I commonly meet students in year 10 and 11 who have chosen music (and guitar) as an elective for their HSC. Sure this may seem like a really fun idea because you get to play guitar for your school work, but how can you score your bet marks in your HSC? The short answer is simple to get as good as you possible can.
But how can this be done? Years 11 and 12 are busy with many assessments for many subjects, so try implementing these ideas to perform to your maximum potential for your Music HSC.
Whilst you have one compulsory performance, there are several options for your other three electives in HSC music. You can choose more performances, a viva-voce or a composition. I always recommend for students to play their strengths. If you’re a highly skilled guitarist, then go with performance. If you have an depth knowledge about a particular band, genre, style or musical concept, then you might be better off going with a viva. I rarely recommend composition because the odds of a young student making a piece that will score them high marks is quite slim, however if you feel that you can create a piece that showcases outstanding musicianship, then composition may be for you. You can choose any combination of these options, however if you are wanting to become a highly skilled guitarist, then choosing performance allows you to focus on that.
Commit To Minimum Practice
Take your practice seriously. After all, it’s what makes you the musician that you are. You should decide on a minimum amount of practice per week. This could be 30 minutes every day, 60 minutes every second day – whatever it is, make it something realistic for your busy schedule. Once you complete this minimum amount of practice, you can choose to keep playing if you wish, or put the guitar away.
Commit to this, no matter what. Even if you have to stay up later at night to get the practice in. I distinctly remember practicing late at night during my senior years at school, just so I could get my guitar practice in. Joe Robinson (an Australian guitarist) used to get up and do four hours of practice before school each day.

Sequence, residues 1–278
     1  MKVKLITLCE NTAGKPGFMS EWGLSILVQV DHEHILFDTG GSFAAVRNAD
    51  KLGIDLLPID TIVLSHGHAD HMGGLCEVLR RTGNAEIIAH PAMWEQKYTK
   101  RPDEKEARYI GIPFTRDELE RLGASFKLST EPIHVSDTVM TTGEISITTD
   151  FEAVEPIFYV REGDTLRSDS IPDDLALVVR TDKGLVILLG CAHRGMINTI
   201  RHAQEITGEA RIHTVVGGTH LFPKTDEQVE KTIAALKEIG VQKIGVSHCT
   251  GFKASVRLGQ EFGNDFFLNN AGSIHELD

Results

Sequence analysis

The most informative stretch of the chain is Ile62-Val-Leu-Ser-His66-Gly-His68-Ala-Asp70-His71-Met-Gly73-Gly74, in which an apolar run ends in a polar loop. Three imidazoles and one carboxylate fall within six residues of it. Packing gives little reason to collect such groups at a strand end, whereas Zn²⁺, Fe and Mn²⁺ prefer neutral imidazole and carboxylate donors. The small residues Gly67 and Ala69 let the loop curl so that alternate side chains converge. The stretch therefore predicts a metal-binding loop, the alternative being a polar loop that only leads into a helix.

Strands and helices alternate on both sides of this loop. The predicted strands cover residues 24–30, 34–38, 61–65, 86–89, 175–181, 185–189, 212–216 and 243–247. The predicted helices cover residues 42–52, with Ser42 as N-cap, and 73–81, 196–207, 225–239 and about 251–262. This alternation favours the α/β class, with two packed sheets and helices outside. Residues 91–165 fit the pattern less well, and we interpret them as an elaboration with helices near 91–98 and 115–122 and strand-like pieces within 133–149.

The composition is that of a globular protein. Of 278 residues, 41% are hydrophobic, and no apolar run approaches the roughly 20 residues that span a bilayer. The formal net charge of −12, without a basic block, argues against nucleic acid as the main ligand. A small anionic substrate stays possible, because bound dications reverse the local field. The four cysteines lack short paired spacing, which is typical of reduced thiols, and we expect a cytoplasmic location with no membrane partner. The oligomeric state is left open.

Whatever you end up choosing – commit to it. Make it a priority.
Some people don’t like turning practice into a routine, but I recommend having at least a small portion of your practice time as some kind of routine that is the same every time. It could be a warm up of scales or exercises, or even just a handful of songs that you play through every practice session. Focus on things that will develop skill, technique and knowledge. Play exactly the same way every time. The key is consistency.
Just because there’s an awesome song out there, doesn’t mean it should be played for the HSC exactly as the original recording. I recommend minimising the amount of time spent repeating sections and playing basic aspects like strumming chords. The majority of the playing should revolve around earning your marks by playing picking, fingerpicking, percussive finger style, guitar solos, arpeggios etc. I rarely have HSC students play the song exactly as it originally was, we typically cut the verses down a lot and rarely repeat the same guitar part. A great example of this would be to strum the chords in verse 1, but pick the melody in verse 2 – which is also half the length of verse 1.